Couldn't find what you looking for?


Table of Contents

The astonishing success of Tabata interval training has spawned what almost amounts to a whole industry, furnishing people with 'Tataba-style' workouts. But how closely do these adhere to Professor Tabata's methods?

Tabata workouts are popular because of their proven ability to deliver life-changing effects. But many of the workouts labelled "Tabata" don't have a lot to do with the work of Professor Tabata.

Circuit workouts are hugely popular because they allow an intense training session, and people equate intensity with achievement — it was hard, so it must be good. Professor Tabata's research backs up a dismissal of traditional conditioning and endurance-cardio sessions, replacing them with HIIT, or High Intensity Interval Training.

The trouble is, just because something's HIIT doesn't mean it's Tabata. And just because it's called HIIT does't really mean it is.

What Do We Mean By Tabata?

The Tabata protocol is actually a very specific training modality, created with very specific goals in mind. Professor Tabata used a regime consisting of four sessions of what we now call Tabata circuits, and one session of steady state cardio. Yes, Tabata includes steady state cardio. Maybe your interval training regime doesn't — and maybe it does. Because maybe your intensity isn't all it could be. The original study used very specific, physiological markers to determine intensity and goal setting. The steady state cardio was done at 70 percent VO2 max, while the sprints were done at 170 percent VO2 max. 


VO2 max is peak oxygen uptake. The purpose of Tabata isn't negative rest, or getting you smoked. It's to force you to train on the other side of the aerobic threshold, using your anaerobic energy system. Seventy percent VO2 max is still quite challenging, and 170 percent VO2 max is more intense than most people are prepared to know about. 

That's why the original Tabata sessions consisted of an 8-minute warm-up and a 2-minute cool-down, and only 4 minutes of sprints. If athletes couldn't complete the sprint cycle with sufficient intensity they were stopped at 7 sprints.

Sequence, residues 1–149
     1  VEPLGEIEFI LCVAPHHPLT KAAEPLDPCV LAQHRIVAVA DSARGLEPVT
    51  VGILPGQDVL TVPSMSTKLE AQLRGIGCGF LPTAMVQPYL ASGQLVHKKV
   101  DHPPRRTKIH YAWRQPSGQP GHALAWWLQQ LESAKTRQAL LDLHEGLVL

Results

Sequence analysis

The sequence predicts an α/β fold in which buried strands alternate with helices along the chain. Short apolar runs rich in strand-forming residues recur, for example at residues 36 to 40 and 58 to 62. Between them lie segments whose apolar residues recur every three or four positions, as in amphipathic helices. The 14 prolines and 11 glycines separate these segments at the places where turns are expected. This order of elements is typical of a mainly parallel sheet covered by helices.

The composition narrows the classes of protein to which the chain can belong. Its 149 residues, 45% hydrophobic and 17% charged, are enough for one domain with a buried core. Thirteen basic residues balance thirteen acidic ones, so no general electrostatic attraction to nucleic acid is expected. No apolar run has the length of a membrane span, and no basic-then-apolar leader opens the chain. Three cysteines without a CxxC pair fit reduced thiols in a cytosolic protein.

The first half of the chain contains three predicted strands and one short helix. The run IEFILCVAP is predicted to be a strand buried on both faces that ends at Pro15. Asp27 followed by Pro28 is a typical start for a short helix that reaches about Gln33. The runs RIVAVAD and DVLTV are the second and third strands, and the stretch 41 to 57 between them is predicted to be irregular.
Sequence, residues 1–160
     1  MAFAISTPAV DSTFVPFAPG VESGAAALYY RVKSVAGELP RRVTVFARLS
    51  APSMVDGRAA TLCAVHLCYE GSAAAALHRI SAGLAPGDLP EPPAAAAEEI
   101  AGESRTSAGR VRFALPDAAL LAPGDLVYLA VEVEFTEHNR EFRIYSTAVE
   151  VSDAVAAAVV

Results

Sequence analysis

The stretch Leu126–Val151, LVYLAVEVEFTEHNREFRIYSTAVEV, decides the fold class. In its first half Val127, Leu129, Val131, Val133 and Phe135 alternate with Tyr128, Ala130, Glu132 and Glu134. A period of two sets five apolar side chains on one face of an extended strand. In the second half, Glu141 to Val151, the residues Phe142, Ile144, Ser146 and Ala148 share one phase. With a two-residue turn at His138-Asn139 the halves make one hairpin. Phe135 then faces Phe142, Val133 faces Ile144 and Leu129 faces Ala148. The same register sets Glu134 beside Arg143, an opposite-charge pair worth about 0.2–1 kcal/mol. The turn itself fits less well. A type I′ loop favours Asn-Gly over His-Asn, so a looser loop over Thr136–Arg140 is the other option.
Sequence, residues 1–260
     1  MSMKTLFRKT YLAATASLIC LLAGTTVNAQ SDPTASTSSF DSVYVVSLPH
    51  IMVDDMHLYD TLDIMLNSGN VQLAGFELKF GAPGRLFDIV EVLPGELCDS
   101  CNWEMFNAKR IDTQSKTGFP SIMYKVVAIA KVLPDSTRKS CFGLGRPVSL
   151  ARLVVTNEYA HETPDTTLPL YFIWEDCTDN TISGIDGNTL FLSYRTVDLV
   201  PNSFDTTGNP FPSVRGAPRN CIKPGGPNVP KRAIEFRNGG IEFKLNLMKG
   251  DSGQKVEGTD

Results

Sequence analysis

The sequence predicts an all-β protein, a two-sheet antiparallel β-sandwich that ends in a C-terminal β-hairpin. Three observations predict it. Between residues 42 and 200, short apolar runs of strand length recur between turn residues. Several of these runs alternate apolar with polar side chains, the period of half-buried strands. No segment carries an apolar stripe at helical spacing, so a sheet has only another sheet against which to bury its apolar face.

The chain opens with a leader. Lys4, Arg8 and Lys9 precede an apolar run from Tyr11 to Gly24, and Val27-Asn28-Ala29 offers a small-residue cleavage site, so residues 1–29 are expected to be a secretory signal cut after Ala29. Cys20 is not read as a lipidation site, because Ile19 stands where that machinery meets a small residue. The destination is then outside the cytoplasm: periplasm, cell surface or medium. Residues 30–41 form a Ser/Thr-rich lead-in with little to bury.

To repeat: When elite skaters couldn't do a full four minutes, they had to finish early.

These were serious athletes with bags of motivation and  staff of scientists around them. For them, improved performance meant victory in their sport and could impact their careers. And they sometimes couldn't do a full four minutes.

What Do We Mean By HIIT?

HIIT means high intensity interval training. It's currently the received wisdom in the health and fitness field. But there are problems associated with it. It can be counterproductive when it's regarded as being too elastic — when people start doing HIIT with kettlebells, dumbbells and complicated calisthenics, moving from one station to another, they're moving away from a focus on conditioning and into a general workout — one that could be better designed if it wasn't in thrall to "intensity". Some of these workouts are an hour long. How can they possibly be "high intensity"?

The answer is they aren't.

They're just circuit training. That's fine, except that the major defining factor of these workouts is their intensity. Trainers encourage the feeling that being constantly exhausted means you're having a great session. Maybe; maybe not. You're certainly not doing Tabata.

Continue reading after recommendations

Your thoughts on this

User avatar Guest